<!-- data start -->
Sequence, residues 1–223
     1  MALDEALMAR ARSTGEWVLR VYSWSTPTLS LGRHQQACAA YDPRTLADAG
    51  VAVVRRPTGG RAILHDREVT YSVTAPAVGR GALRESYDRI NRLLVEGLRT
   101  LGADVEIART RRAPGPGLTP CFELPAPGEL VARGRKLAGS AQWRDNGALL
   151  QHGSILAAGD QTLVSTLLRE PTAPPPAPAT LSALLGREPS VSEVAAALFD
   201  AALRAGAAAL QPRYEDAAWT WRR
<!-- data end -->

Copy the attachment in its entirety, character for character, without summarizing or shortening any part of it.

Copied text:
Sequence, residues 1–223
     1  MALDEALMAR ARSTGEWVLR VYSWSTPTLS LGRHQQACAA YDPRTLADAG
    51  VAVVRRPTGG RAILHDREVT YSVTAPAVGR GALRESYDRI NRLLVEGLRT
   101  LGADVEIART RRAPGPGLTP CFELPAPGEL VARGRKLAGS AQWRDNGALL
   151  QHGSILAAGD QTLVSTLLRE PTAPPPAPAT LSALLGREPS VSEVAAALFD
   201  AALRAGAAAL QPRYEDAAWT WRR